Shakespeare, Meet Instapoets: Poetry in the Social Media Age

“Shall I compare thee to a summer’s day …”. Back in 10th grade when my high school teacher drilled those lines into my brain, he just smirked and said: “one day they will become useful”. I am not the one to judge whether this article is their purpose fulfilled but I do want to acknowledge their significance with which they have travelled through the past centuries. Shakespeare, just like Heine and Emily Dickinson, are names that have shaped our understanding of poetry. Iambic parameter, enclosed rhymes, and couplets are still odd but distant acquaintances to many of us. So, if you pair this knowledge with today’s modern developments, especially social media, one might assume that it must be filled with modern-day-emoji-fanatic Shakespeares and Frosts. But instead, Instagram poems to many seem like an empty shell compared to their traditional counterparts. 

In 2017, almost 50 percent of sold poetry books were those of so-called Instapoets. The mysterious online poet Atticus—when saying that he is mysterious, I mean it in a literal sense, he wears masks to his book signings—has grown into one of the leading Instagram poets, with celebrities, such as Emma Roberts and Karlie Kloss, following him and supporting his content. So, it would make sense to take a closer look at his poetry. One of his most famous poems reads “’I don’t believe in magic’, the young boy said. The old man smiled. ‘You will when you see her’” (2017:76).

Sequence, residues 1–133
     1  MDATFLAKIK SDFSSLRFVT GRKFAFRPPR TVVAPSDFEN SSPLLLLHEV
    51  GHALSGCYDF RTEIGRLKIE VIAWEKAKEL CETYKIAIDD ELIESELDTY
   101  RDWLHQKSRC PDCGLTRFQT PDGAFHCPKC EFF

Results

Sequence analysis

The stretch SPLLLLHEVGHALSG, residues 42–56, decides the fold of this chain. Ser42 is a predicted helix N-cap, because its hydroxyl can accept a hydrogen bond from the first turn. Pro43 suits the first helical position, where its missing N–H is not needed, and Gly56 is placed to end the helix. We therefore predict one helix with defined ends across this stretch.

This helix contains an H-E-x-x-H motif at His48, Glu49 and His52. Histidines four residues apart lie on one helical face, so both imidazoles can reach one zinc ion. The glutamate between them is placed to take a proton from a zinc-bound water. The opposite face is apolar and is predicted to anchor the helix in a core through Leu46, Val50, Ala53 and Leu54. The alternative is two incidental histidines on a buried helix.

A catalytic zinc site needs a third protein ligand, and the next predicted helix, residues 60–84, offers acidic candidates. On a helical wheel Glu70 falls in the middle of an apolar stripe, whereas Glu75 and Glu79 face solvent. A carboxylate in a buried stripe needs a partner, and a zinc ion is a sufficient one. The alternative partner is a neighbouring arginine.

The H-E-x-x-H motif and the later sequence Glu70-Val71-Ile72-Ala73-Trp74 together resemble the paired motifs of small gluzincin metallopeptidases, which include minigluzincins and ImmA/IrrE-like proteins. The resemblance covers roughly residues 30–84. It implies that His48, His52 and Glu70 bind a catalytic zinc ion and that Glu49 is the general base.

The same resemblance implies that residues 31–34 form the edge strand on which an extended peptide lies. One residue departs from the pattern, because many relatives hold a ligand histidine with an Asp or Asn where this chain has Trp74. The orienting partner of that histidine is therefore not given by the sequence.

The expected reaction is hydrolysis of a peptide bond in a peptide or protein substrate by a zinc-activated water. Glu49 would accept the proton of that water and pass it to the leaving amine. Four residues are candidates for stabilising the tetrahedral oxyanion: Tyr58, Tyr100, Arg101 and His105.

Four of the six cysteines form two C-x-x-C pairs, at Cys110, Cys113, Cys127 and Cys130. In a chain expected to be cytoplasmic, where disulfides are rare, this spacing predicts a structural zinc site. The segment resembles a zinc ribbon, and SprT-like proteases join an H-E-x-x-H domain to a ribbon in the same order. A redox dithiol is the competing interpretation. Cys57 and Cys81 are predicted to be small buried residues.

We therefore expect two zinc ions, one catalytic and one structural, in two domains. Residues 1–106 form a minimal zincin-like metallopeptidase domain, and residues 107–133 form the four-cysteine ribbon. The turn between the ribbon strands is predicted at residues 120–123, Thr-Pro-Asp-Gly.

The Oxford Dictionary defines poetry as a work “composed in verse of some comparable patterned arrangement of language in which the expression of feelings and ideas is given intensity by the use of distinctive style and rhythm” (2019). Applied to Atticus’ poem those characteristics may be considerably hard to find. Although it speaks of the distinct emotion and desire for a woman, the text itself is not specifically structured but rather reminds of lines quoted from a book. 

The poet’s style reminds one of that of a dreamy novel writer, rather than a poet invested in structure, rhythm, rhyme, as well as the content. An overall pattern can only be found when looking at his first poem selection Love Her Wild in general, in which the old and the young man seem to be a reoccurring pattern. Where do you draw the line between a quote and a poem? 

In his first book, Leave Her Wild, Atticus published what comes closest to a traditional poem. 

It reads as following: 

What of the butterfly, 

the one I love to chase?

The old man smiled

Love her 

he said

but leave her wild,

and the old oak tree I love to climb?

Love her, he said, but leave her wild

and the wolf that cries to the old joke moon?

Love her, he said, but leave her wild

and the horse that loves to run with storms?